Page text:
United States District Court, C.D. California
ORDER GRANTING PLAINTIFFS' EX PARTE APPLICATION TO VACATE ORDER DENYING AS MOOT MOTION FOR RECONSIDERATION  AND DENYING ON THE MERITS PLAINTIFFS' MOTION FOR RECONSIDERATION 
OTIS D. WRIGHT, II, District Judge.
In 2010, Plaintiffs filed a Motion for Attorneys' Fees requesting $1, 025, 000 and the Court awarded $473, 138.24. (ECF Nos. 273, 315.) They appealed and the Ninth Circuit vacated the fee award and remanded with instructions for re-computation. (ECF No. 335.) In 2014, Plaintiffs filed an unsolicited revised Motion for Attorneys' Fees that included several reductions, new calculations and declarations, but again requested $1, 025, 000. (ECF No. 346.) On February 4, 2015, the Court re-computed the fee request and awarded $242, 141.35. (ECF No. 380.) On March 2, 2015, Plaintiffs filed a Motion for Reconsideration. (ECF No. 384.) Defendants timely opposed. (ECF No. 388.) Two days after filing for reconsideration, Plaintiffs filed a Notice of Appeal to the Ninth Circuit. (ECF No. 386.)
On March 12, 2015, the Court concluded Plaintiffs' pending appeal divested the district court of jurisdiction to decide the Motion and denied it as moot. (ECF No. 390.) However, appellate jurisdiction was immediately suspended until the Motion is determined. Fed. R. App. P. 4(a)(4)(A); Adv. Comm. Notes (1993 Amend.); Leader Nat'l Ins. v. Industrial Indem. Ins., 19 F.3d 444, 445 (9th Cir. 1994.) Accordingly, the Court GRANTS Plaintiffs' Ex Parte Application to Vacate Order on Motion for Reconsideration and decides the Motion on the merits. (ECF No. 391.)
Federal Rule of Civil Procedure 60(b) permits a party to seek reconsideration of a final judgment or court order. The Central District of California Local Rules provide the proper bases for which a party may seek reconsideration:
(a) a material difference in fact or law from that presented to the Court before such decision that in the exercise of reasonable diligence could not have been known to the party moving for reconsideration at the time of such decision; (b) the emergence of new material facts or a change of law occurring after the time of such decision; or (c) a manifest showing of a failure to consider material facts presented to the Court before such decision.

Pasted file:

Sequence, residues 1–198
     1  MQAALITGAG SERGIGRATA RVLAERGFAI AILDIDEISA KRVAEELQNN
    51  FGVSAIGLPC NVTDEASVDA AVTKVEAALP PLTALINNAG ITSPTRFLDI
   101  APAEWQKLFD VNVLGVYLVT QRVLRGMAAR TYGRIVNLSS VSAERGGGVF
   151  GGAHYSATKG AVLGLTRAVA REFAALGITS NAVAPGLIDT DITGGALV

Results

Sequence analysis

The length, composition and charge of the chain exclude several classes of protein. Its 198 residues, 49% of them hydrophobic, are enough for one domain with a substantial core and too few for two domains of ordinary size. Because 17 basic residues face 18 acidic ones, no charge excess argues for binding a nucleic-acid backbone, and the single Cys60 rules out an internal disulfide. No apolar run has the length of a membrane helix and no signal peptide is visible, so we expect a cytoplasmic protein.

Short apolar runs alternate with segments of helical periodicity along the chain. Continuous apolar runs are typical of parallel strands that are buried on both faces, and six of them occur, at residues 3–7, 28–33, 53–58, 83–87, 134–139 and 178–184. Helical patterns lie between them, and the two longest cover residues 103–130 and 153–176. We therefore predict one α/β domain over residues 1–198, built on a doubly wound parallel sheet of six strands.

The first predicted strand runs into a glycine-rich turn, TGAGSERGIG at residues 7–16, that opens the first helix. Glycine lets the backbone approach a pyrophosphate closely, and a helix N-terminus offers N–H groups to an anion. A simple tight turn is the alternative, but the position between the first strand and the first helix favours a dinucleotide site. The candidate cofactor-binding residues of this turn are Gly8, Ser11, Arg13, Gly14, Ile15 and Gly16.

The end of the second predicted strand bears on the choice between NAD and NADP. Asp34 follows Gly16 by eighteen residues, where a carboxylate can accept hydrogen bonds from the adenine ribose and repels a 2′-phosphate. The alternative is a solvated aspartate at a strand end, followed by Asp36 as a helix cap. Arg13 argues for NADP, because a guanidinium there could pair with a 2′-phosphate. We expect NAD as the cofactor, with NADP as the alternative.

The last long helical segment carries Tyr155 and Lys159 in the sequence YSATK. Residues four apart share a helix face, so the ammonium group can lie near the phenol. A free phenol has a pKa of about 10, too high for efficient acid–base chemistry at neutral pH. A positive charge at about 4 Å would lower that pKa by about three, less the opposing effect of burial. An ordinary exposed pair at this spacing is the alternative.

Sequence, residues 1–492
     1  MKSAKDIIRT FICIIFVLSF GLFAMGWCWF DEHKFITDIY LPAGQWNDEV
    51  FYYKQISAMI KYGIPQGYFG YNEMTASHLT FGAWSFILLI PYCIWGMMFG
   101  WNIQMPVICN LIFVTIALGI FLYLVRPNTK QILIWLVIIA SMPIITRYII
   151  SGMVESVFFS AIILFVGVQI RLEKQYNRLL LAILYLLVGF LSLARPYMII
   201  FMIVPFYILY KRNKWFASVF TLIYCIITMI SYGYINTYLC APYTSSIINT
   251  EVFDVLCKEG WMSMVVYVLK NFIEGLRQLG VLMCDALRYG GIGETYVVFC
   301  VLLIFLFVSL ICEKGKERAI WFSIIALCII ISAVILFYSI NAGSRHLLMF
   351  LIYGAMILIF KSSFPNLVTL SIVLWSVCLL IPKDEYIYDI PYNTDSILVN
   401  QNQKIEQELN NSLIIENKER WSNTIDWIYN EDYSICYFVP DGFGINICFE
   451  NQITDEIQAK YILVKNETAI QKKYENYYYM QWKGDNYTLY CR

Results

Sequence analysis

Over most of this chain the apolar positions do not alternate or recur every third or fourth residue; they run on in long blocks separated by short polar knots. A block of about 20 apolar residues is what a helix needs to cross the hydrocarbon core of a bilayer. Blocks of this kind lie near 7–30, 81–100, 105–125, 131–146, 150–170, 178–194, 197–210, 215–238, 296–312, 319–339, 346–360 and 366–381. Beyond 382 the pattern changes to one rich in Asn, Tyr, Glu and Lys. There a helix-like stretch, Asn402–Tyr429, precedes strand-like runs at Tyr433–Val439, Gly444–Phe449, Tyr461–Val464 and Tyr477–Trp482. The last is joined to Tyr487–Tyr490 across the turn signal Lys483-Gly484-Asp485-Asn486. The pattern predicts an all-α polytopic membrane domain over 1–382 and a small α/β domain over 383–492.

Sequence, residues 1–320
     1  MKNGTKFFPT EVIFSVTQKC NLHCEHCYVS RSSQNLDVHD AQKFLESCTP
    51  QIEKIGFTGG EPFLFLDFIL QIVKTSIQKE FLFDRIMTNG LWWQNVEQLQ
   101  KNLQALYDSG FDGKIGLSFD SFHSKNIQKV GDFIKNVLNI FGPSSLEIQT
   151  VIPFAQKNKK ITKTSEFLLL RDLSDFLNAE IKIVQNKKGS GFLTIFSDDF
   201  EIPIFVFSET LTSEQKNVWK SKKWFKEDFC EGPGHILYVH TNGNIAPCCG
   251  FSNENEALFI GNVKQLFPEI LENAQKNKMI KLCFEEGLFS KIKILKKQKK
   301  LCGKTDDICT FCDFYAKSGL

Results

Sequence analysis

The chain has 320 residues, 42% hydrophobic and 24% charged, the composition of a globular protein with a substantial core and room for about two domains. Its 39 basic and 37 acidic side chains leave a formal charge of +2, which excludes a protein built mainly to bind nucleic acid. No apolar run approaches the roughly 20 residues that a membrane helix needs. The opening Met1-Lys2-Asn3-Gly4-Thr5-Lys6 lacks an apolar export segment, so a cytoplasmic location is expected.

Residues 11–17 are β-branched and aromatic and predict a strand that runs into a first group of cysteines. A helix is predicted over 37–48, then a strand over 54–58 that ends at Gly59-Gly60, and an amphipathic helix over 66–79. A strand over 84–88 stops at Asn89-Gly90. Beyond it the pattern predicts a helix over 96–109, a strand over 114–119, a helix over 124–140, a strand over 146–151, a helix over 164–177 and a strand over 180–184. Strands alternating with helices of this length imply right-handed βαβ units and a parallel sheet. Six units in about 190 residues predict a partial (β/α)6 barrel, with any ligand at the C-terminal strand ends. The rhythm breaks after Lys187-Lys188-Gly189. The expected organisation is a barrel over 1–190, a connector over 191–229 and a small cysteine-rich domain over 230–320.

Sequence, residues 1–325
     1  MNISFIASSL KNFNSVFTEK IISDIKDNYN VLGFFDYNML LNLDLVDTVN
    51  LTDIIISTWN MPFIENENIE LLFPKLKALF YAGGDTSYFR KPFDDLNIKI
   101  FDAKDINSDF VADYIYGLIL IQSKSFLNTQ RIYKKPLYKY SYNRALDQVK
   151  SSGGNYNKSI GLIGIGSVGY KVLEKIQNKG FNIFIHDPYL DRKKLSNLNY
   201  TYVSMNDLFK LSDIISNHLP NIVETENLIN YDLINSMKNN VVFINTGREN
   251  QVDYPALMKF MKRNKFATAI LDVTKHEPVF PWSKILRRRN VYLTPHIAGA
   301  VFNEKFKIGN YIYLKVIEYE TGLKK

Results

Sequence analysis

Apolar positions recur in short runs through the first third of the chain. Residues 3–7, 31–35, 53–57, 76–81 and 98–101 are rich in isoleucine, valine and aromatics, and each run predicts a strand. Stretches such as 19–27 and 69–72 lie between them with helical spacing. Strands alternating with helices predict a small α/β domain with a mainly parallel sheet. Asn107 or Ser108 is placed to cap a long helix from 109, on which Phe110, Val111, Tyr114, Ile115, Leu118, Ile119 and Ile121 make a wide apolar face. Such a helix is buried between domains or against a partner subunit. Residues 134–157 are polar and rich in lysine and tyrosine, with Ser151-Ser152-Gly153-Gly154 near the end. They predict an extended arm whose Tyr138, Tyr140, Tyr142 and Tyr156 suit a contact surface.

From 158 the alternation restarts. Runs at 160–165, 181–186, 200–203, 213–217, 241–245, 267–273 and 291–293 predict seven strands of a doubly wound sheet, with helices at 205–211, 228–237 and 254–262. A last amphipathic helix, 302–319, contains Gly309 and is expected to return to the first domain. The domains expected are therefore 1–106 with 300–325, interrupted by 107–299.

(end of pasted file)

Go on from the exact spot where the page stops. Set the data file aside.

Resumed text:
L.R. 7-18. Additionally, "[u]nder L.R. 7-18, a motion for reconsideration may not be made on the grounds that a party disagrees with the Court's application of legal precedent." Pegasus Satellite Television, Inc. v. DirecTV, Inc., 318 F.Supp.2d 968, 981 (C.D. Cal. 2004).
Plaintiffs claim they move for reconsideration under L.R. 7-18 (c) because the Court's reduction to their hours is "a manifest showing of a failure to consider material facts presented to the Court before such decision." (Mot. 2.) However, Plaintiffs provide no genuine argument or evidence the Court failed to consider material facts. Instead, they argue the Court "misread what Plaintiffs' counsel said." ( Id. at 5.) This is not a proper basis for reconsideration.
Nevertheless, the Court will address Plaintiffs' argument. Plaintiffs dispute the Court's conclusion that they regularly performed once and billed acorss all eight cases and point to examples where they allegedly did not engage in this practice. The Court never concluded that Plaintiffs always engaged in this practice. In their 2014 Motion for Attorneys' Fees, Plaintiffs explained:
Where time is fairly allocable across all the cases, as is the case in many circumstances, Plaintiffs explain why this is appropriate. For example, the depositions of some high level police officials was [ sic ] conducted once for all cases rather than multiple times. In such circumstances, it is reasonable to allocate this time across all of the cases. The same is true of time spent on developing Plaintiffs' Monell theories as this work was directly relevant to all the cases.
Mot. 4. (citing Cook Decl. ¶¶ (A)-(B), 14-27, 34) (emphasis added).
Relying on Plaintiffs' own words, the Court concluded Plaintiffs performed once and billed across all the cases "in many circumstances." Though Plaintiffs did not do this in every circumstance, "when faced with a massive fee application the district court has the authority to make across-the-board percentage cuts in either the number of hours claimed or in the final lodestar figure as a practical means of trimming the fat from a fee application.'" Gates v. Deukmejian, 987 F.2d 1392, 1399 (quoting New York State Ass'n for Retarded Children v. Carey, 711 F.2d 1136, 1146 (2d Cir. 1983)).
Because Plaintiffs fail to argue any proper bases for which a party may seek reconsideration, the Court DENIES ON THE MERITS ...